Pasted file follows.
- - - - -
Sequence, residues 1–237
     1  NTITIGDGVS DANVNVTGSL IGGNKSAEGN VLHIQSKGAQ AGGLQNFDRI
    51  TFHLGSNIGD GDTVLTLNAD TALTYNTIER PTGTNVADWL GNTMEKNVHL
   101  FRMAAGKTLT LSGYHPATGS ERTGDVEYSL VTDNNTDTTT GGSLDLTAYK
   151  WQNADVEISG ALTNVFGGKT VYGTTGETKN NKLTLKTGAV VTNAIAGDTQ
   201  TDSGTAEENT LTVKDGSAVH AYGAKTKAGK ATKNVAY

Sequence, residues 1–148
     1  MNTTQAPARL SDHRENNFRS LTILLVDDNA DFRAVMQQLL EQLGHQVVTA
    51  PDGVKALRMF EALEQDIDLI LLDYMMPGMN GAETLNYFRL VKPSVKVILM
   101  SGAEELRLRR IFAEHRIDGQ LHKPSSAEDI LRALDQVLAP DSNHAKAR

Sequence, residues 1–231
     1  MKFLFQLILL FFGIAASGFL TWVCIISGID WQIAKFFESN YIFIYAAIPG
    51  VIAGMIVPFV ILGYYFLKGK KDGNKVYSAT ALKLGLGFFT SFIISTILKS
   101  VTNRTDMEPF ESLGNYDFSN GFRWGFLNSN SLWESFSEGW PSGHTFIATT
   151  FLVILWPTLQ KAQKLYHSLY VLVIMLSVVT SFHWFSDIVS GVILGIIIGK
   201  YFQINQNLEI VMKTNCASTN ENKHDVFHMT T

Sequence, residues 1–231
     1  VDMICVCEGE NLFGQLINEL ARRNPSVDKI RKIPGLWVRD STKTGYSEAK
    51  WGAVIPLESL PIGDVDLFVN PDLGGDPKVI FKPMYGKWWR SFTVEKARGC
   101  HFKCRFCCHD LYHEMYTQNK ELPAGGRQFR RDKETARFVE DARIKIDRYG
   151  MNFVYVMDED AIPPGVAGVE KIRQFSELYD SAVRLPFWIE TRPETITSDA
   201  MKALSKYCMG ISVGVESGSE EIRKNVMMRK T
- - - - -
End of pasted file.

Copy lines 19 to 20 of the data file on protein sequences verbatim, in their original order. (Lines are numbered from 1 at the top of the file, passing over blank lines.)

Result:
    51  WGAVIPLESL PIGDVDLFVN PDLGGDPKVI FKPMYGKWWR SFTVEKARGC
   101  HFKCRFCCHD LYHEMYTQNK ELPAGGRQFR RDKETARFVE DARIKIDRYG